Steven Gerrard lasted just 11 months as Aston Villa manager. Jesse Marsch might pass through Leeds United after an even shorter tenure with the club's fans turning on the former RB Leipzig coach in recent games despite him being in charge for a mere eight months.
Managing a Premier League team is becoming harder at every level -- even Thomas Tuchel lost his job at Chelsea earlier this season, just over a year after winning the Champions League. But succeeding at clubs that go into the season as neither title challengers nor relegation candidates appears to have become the hardest challenge of them all.
All those coaches employed by the so-called Big Six know exactly what will happen if they don't succeed, but they at least go into the job knowing they are working for clubs with the financial power and attractiveness to potential signings to have a chance of achieving their targets. And at the other end, at those clubs who have either been promoted or who accept that Premier League survival is their only measure of success, the manager has a simple objective: stay up. Scott Parker's dismissal at Bournemouth five games into the season, having secured promotion back to the Premier League three months earlier, was due to his repeated public questioning of the club's recruitment strategy rather than a prolonged period of bad results although a 9-0 defeat at Liverpool almost certainly sealed his fate.
Yet teams such as Villa, Leeds and
Finishing 10th might be a sign of progress at such clubs, but only if it is a springboard for bigger, better and higher the next season. Unless you are a team such as Newcastle United, another club seeking to re-create more positive times from the past but one with the financial strength to build for today and tomorrow, it is almost impossible to succeed if you are in that middle ground of Premier League clubs.
Gerrard discovered that to his cost at Villa, losing his job after 40 games in charge in which he won 13 and lost 19. The former Liverpool captain cannot argue that he was successful at Villa Park, but the club invested only £63 million on new signings this summer (plus £27m on full-back Lucas Digne in January) and his biggest transfer, £28m defender Diego Carlos, has been out since the second game of the season due to injury. Gerrard's gamble on Philippe Coutinho did not work out, with the £18m summer signing from Barcelona failing to have an impact after an initial bright spell on loan last season. But for a club of Villa's stature and ambition, the summer outlay on new players was never likely to be transformative.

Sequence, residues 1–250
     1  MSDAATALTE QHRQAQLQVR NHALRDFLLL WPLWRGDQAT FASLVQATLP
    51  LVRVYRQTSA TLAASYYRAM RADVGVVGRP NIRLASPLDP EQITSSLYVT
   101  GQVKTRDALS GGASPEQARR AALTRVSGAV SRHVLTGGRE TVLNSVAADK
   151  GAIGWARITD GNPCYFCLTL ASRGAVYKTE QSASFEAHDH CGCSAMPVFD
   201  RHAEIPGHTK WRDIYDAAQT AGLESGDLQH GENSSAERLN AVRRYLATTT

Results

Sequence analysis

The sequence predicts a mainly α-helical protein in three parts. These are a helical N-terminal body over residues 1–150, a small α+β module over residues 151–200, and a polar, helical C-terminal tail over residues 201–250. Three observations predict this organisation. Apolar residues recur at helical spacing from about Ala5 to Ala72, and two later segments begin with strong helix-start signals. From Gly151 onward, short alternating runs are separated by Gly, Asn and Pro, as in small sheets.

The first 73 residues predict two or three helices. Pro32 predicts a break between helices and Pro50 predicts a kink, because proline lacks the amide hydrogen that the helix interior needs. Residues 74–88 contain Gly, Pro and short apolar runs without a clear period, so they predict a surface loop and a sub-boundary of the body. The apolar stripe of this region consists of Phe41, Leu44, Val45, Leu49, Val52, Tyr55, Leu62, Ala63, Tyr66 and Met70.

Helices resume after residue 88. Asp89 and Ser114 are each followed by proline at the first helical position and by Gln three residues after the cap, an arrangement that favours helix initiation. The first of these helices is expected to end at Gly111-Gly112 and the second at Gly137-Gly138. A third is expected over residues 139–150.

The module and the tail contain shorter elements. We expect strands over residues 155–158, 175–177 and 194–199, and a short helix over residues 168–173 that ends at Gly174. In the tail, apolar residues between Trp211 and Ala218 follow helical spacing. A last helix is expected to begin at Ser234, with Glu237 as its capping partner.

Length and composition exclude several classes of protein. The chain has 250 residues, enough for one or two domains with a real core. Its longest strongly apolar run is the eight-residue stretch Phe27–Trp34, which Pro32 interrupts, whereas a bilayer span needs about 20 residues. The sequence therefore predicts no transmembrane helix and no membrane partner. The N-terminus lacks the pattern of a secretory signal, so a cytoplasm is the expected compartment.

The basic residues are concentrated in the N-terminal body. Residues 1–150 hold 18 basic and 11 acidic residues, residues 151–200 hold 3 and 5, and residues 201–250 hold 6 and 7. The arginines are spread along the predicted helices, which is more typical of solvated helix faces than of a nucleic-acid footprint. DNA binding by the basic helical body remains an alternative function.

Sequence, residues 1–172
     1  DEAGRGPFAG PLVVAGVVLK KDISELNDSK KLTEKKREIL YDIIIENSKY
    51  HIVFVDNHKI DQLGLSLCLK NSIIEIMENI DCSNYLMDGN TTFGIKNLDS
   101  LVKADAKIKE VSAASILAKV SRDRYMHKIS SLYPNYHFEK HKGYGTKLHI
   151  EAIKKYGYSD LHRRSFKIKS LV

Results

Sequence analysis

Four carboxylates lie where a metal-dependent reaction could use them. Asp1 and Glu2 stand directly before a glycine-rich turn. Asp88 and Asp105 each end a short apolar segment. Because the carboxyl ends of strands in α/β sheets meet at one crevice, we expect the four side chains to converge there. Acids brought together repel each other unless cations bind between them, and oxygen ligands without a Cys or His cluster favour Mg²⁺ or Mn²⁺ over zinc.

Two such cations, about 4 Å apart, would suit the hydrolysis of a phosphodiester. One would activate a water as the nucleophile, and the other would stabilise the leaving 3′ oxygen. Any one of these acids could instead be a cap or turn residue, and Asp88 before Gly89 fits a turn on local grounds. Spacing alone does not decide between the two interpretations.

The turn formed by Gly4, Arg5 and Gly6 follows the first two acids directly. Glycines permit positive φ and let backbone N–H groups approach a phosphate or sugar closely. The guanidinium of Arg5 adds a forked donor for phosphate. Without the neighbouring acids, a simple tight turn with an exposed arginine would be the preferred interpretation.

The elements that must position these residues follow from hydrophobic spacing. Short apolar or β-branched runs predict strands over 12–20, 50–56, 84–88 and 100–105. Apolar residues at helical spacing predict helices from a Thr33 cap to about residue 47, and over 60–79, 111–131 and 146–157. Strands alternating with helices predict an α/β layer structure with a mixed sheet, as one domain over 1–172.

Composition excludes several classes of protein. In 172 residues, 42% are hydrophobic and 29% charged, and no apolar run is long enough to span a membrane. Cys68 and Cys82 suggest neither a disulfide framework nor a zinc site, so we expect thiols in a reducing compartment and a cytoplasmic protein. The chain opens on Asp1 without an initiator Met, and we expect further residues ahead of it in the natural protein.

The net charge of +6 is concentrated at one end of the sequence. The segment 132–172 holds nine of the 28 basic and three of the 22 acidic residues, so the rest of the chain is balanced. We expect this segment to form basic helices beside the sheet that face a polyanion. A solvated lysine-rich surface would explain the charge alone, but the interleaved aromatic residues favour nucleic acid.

It is a similar story at Leeds, where Marsch lost midfielder Kalvin Phillips (to Manchester City) and forward Raphinha (Barcelona) for fees totalling almost £100m, while club-record signing Daniel James also left on loan to Fulham. The Elland Road recruitment team replaced them with a variety of players with little or no Premier League experience, such as Brenden Aaronson, Luis Sinisterra, Tyler Adams and Rasmus Kristensen. Having avoided relegation only on the final day of last season, Leeds arguably went into this season with a weaker squad after allowing three key players to leave in the summer, so it is no surprise that Marsch's team would be struggling and now in the bottom three.
But Leeds, like Villa, have too proud a history for their fans to accept annual fights against relegation. The problem is, neither club is yet financially strong enough to be able to chase new glories with the kind of investment, on and off the pitch, that enables Eddie Howe to make such rapid strides at Newcastle.
Gerrard went after the fans turned on him at Fulham last week, chanting "You're getting sacked in the morning" as they watched their team lose 3-0 at Craven Cottage. Marsch was subjected to the same supporter anger after his side also lost, 3-2 at home, against Fulham on Sunday.
Hearing fans sing the name of a previous manager is another bad sign, and Marsch has heard Marcelo Bielsa's name chanted several times in recent weeks. Sources told ESPN on Friday that Marsch was in no imminent danger of losing his job at Elland Road, but Premier League management is all about the shifting sands of results and the backing of supporters. Marsch is in negative territory in both of those key metrics.
It was the same story for Gerrard who, having arrived at Villa Park to great fanfare last November after proving his credentials by guiding Rangers to the Scottish Premiership title in 2021, was fired within minutes of the 3-0 defeat at Craven Cottage this past Thursday. Whomever Villa appoint to replace Gerrard will discover the same problems, and there might also be a new coach at Leeds soon charged with bridging the gap between expectation and reality.
But if clubs appoint managers and then fail to sign players good enough to make a difference, it will always be a story of diminishing returns followed by another roll of the managerial dice.